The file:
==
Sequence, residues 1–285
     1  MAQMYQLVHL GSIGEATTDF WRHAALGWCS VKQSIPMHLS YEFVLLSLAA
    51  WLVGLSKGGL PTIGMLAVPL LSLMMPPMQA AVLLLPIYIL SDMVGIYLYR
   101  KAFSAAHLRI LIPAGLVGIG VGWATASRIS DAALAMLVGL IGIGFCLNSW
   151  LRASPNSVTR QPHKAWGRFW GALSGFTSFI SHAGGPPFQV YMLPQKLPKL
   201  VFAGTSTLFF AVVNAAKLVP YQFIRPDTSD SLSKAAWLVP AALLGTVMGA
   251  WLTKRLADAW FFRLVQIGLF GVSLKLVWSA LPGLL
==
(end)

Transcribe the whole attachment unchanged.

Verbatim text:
Sequence, residues 1–285
     1  MAQMYQLVHL GSIGEATTDF WRHAALGWCS VKQSIPMHLS YEFVLLSLAA
    51  WLVGLSKGGL PTIGMLAVPL LSLMMPPMQA AVLLLPIYIL SDMVGIYLYR
   101  KAFSAAHLRI LIPAGLVGIG VGWATASRIS DAALAMLVGL IGIGFCLNSW
   151  LRASPNSVTR QPHKAWGRFW GALSGFTSFI SHAGGPPFQV YMLPQKLPKL
   201  VFAGTSTLFF AVVNAAKLVP YQFIRPDTSD SLSKAAWLVP AALLGTVMGA
   251  WLTKRLADAW FFRLVQIGLF GVSLKLVWSA LPGLL